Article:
Successful implementation of Contract lifecycle management
Organizations use and need legal contracts to transact business, but it is only when they are managed in an efficient way do they really make business effective. It is therefore imperative to have a system that can store and recall not only the contracts but also the critical and key elements of any contract.
Success in capturing rich complete information about your contracts is the outcome of a process. The process is composed of various steps that enable the contracts to move from paper into searchable digital information. Think of each step as an event where a specific outcome of the information meets pre-determined criteria of content, quality, and accuracy. At each step, the information is distilled further and verified to achieve a high-quality indicator of Six Sigma reliability.
Step 1: Inventory
The process starts with a consultative analysis of your organizational needs for contract management. Which department has contracts, and how many contracts and associated addendums exist through the organization.
Step 2: Conversion
The next step would be to scan the paper documents into computer files; usually PDFs. Each of the groups needs to do that. If all are centralized, this can be coordinated together. Gather a document that outlines the best practices for the scanning.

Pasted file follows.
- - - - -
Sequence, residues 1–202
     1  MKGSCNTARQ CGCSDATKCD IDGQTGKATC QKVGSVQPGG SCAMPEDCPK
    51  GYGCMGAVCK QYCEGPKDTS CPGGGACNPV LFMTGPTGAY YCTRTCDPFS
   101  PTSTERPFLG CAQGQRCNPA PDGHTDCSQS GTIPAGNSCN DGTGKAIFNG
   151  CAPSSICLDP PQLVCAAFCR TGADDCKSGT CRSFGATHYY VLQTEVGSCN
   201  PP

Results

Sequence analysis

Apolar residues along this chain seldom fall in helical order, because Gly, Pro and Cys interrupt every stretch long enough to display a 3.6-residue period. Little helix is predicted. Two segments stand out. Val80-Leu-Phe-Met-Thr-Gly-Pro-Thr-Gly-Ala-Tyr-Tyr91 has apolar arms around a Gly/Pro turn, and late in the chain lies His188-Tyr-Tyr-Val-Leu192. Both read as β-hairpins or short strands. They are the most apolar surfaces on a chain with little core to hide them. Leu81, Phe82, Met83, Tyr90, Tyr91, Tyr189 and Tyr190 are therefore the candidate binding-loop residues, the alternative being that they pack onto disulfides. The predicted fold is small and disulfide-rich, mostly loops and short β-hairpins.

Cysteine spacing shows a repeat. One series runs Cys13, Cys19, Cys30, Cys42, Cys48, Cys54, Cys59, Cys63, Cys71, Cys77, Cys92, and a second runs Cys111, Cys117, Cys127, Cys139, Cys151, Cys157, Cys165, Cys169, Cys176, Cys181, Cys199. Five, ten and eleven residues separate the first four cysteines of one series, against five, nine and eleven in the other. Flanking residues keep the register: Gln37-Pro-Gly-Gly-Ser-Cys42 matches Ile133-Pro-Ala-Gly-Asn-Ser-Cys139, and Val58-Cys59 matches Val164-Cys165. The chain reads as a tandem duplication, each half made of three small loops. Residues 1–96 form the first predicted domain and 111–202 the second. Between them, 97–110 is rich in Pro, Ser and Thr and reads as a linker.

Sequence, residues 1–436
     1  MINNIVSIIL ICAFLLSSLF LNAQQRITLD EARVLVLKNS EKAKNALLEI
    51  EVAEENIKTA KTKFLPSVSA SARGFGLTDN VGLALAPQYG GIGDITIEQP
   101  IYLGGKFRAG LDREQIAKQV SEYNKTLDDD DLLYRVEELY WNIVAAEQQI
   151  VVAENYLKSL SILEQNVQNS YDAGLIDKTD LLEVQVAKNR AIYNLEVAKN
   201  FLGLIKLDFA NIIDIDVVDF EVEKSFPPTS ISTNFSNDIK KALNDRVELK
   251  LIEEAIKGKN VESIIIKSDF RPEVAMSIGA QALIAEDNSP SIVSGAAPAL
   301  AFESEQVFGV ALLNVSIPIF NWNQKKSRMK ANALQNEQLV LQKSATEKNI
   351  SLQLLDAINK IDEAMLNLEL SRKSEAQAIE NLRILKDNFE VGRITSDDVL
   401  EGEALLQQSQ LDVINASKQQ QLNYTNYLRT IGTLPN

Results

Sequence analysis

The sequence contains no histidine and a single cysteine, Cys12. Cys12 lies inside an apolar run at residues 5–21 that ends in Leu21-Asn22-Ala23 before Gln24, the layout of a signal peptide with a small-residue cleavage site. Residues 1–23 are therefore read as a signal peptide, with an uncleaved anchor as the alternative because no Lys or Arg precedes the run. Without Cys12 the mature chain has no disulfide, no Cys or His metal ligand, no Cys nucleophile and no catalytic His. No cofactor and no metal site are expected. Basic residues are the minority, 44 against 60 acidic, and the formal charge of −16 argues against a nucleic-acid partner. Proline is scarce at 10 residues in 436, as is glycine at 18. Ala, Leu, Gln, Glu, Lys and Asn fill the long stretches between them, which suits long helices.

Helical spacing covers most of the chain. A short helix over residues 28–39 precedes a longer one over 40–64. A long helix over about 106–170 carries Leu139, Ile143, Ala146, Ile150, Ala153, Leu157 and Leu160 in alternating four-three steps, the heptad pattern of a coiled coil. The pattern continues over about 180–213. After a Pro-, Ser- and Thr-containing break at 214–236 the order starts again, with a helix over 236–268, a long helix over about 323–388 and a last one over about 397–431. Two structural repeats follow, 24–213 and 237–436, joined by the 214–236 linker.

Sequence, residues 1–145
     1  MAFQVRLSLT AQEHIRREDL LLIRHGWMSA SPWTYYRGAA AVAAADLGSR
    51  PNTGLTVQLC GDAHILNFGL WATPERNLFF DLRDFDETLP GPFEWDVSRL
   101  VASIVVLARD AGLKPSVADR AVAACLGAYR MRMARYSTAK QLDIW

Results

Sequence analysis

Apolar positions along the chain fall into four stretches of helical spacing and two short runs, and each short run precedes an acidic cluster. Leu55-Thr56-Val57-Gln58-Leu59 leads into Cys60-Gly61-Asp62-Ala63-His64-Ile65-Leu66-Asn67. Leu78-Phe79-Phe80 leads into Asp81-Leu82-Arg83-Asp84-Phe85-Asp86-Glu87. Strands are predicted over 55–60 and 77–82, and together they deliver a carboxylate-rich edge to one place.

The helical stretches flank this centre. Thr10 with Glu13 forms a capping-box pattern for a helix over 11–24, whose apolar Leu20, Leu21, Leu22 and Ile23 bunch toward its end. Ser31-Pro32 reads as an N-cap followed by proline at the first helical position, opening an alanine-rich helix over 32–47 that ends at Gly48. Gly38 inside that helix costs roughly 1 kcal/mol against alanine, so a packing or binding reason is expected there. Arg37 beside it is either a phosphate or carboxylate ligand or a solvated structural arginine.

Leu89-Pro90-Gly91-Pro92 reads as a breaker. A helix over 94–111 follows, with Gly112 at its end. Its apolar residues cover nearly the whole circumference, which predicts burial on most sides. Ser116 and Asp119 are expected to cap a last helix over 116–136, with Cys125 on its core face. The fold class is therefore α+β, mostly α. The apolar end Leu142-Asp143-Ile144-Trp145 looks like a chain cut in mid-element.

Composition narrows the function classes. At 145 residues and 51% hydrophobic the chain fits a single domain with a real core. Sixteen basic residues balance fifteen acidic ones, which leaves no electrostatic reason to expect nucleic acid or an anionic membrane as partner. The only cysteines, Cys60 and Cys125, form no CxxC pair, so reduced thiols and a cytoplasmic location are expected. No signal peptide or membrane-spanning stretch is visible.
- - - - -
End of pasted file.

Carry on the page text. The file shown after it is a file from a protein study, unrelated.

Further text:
Step 3: Tracking Elements
A parallel step would be to identify who wants what information, and what should that look like. With so many elements, commonly called attributes, in a contract that may be needed, and so many operational and departmental needs this consultation will determine the information to be extracted. For example, with NDAs you may want to track counterparty name, expiration date, and address only. For your Supplier contracts, you may want to track the ship from location, penalty clauses, etc. Step 4: Extract the attributes from each contract
Step 4: Extract the attributes from each contract
The next stage is the attribute extraction process. This can be done in multiple ways, manually, by giving it to LPO, or by software. Today there is a new breed of using Natural Language Processing (NLP) software that looks at phrases, words, and sentences in each contract and understands meaning according to the rules set for the attribute extraction.
Step 5: Upload to a CLM
This is the end of the journey and the start of the new one. Most CLMs have a way to upload the documents and the associated metadata that is extracted and put into a spreadsheet in the system. All reporting, triggers, information tracking, etc. is now down in the Contract lifecycle management software.
Using these stepping stones, you can get a handle on your contracts and the information within them.